NEW YORK (
) -- Natural gas futures surged after the government reported a lighter-than-expected buildup in storage levels Thursday.
According to the Energy Information Administration's weekly assessment, natural gas storage in the lower 48 states saw a net injection of 73 billion cubic feet, raising levels to 1.829 trillion cubic feet for the week ending April 16. Analysts surveyed by Platts had expected inventory to rise between 76 to 80 billion cubic feet.
"We got spring fever a little too early," said Phil Flynn, energy analyst at PFGBEST. "The whisper number was a little higher than it should have been," he added, noting many overestimated the injection in light of recent warming temperatures around the country.
But despite the smaller buildup, natural gas levels remain higher than normal when compared to historical figures. According to the report, storage levels are 5.5% higher when compared with year-ago marks, and remain 18.5% higher when up against the five-year average.
Natural gas futures, which were trading lower just before the report's release, rose as high as $4.15 per million British thermal units during the day's session before settling higher by 17 cents, or 4.4%, at $4.13 per million British thermal units.
U.S. Natural Gas Fund
also soared following the news, gaining 3.7% on the day.
Crude oil futures, however, mostly traded around $83 a barrel, a day after the EIA separately reported a larger-than-expected buildup in oil and fuel supplies. The June delivery contract slipped as low as $81.73 despite trading briefly above $84 a barrel, hitting $84.07 at its highest point of the session. The contract finished close to where it started, adding 2 cents, or 0.02%, to settle at $83.70 a barrel.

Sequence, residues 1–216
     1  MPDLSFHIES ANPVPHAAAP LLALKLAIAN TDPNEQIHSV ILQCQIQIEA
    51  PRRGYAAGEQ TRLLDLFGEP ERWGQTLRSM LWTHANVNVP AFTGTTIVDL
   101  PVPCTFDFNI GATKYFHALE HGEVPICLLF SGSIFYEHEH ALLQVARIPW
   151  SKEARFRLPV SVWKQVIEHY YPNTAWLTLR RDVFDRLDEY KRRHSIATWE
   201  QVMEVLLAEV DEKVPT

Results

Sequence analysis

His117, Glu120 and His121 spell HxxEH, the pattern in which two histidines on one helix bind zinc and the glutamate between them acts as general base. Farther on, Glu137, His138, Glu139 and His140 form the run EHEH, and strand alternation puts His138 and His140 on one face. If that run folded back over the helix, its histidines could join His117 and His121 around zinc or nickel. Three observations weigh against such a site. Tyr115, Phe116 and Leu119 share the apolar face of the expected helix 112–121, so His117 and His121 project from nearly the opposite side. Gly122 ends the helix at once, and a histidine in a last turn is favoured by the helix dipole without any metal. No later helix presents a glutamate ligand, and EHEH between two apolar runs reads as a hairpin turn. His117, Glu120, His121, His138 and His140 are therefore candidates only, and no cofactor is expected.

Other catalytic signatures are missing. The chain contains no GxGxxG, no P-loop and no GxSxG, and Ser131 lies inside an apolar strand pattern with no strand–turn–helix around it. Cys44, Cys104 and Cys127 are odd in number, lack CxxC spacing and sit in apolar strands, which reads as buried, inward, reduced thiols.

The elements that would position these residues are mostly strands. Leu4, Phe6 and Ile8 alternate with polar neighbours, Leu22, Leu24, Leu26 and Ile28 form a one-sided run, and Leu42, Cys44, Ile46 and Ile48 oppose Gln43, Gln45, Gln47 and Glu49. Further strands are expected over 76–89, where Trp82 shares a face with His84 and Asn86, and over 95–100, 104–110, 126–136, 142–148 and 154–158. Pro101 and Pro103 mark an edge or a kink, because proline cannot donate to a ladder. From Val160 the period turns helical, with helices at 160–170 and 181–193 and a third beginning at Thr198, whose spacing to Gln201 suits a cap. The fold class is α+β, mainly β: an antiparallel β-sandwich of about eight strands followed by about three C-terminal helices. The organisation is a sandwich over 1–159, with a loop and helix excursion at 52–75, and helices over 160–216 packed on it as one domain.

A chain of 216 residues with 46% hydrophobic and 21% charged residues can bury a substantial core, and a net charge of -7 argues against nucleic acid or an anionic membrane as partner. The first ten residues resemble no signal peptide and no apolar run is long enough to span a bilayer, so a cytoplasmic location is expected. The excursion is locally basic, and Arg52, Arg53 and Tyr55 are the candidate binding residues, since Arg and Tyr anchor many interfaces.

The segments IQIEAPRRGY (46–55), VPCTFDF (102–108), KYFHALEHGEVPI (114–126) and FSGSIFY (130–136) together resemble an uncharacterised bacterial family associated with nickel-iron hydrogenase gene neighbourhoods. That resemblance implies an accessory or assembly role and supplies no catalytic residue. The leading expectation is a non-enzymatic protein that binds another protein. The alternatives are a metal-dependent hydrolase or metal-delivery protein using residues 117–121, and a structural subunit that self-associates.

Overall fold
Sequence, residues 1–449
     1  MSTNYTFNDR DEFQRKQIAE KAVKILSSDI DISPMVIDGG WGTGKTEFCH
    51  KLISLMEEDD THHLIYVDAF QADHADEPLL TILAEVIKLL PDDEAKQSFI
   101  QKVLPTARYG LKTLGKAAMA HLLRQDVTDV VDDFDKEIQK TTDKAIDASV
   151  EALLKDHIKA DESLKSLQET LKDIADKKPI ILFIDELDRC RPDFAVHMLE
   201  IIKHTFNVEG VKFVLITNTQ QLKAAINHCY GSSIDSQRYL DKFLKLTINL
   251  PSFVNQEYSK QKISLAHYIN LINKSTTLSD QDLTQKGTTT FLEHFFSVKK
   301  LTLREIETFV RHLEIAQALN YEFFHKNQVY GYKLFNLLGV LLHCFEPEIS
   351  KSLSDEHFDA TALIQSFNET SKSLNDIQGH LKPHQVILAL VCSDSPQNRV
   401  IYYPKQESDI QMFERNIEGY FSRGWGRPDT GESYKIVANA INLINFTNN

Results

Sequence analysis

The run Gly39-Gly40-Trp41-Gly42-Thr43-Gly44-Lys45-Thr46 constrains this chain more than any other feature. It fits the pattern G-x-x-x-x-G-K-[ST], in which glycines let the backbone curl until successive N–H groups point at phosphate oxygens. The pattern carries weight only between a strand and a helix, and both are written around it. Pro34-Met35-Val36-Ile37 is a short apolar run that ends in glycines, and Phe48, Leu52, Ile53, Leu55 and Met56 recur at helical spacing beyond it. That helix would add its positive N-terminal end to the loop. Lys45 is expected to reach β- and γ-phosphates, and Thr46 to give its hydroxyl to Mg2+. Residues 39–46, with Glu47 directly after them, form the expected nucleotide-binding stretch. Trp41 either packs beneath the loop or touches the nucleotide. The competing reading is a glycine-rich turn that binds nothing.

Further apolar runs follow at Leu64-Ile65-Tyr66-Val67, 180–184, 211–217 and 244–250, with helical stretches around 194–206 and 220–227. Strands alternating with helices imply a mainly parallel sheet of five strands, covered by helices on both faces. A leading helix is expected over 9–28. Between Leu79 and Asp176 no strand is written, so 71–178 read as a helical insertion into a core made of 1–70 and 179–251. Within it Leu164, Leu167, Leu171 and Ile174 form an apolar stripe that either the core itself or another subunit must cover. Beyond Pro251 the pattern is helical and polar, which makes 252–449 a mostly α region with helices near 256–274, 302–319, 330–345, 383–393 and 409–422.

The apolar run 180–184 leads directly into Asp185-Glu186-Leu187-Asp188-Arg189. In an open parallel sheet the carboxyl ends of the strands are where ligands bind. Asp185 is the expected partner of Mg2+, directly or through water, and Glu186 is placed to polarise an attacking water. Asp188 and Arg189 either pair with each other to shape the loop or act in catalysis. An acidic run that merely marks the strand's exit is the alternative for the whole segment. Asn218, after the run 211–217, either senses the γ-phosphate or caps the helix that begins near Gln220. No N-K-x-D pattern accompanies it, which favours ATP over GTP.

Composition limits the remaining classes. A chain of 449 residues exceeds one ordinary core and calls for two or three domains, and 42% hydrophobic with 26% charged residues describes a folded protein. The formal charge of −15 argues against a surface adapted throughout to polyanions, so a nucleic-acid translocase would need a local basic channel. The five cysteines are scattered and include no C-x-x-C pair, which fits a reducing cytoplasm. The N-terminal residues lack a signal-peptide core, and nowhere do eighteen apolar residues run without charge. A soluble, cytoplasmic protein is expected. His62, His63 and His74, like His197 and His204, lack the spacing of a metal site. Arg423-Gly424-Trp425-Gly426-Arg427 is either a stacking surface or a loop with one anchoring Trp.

Flynn also noted a number of other catalysts affecting crude prices. Concerns about Greece's debt level weighed on the euro and strengthened the dollar, while the nation's
wholesale inflation measure reflected a hotter-than-expected uptick in prices during March. Rising prices could signal a
rate hike in the near future, which could stifle economic growth.
"Then there's inventories. There, we're loaded," Flynn said. "It's getting harder and harder to ignore those numbers every week," later adding "if this isn't a glut, I don't know what is."
U.S. Oil Fund
ETF finished mildly higher, up by 0.07%.
Among related equities, the NYSE Arca Oil index was slipped 0.5%, while the Philadelphia Oil Service Sector index rose 1.6%.
were among the handful of stocks putting the most pressure on the
Dow Jones Industrial Average
, which turned positive in the last half-hour of trading. Chevron fell 0.9% while Exxon lost 0.5%.
Diamond Offshore Drilling
said earnings backtracked from year-ago levels, but it neverthless managed to surpass forecasts. Still, the offshore contractor cut its special dividend, tying it to an expected "decline in renewal contract dayrates from peak levels," according to the release, which sent shares tumbling to finish 5.4% lower.
shares gained 4.1% on the day after the driller announced upbeat first-quarter earnings and an increased dividend.
Oilfield services company
is scheduled to report first-quarter earnings Friday morning. Analysts are anticipating a profit of 61 cents a share. Its stock added 0.2% ahead of the report.
Also on the Nymex, June heating oil added a penny, or 0.5%, to settle at $2.24 a gallon. The June gasoline contract also finished a penny higher, or up by 0.6%, to settle at $2.31 a gallon.
-- Written by Sung Moss and Melinda Peer in New York
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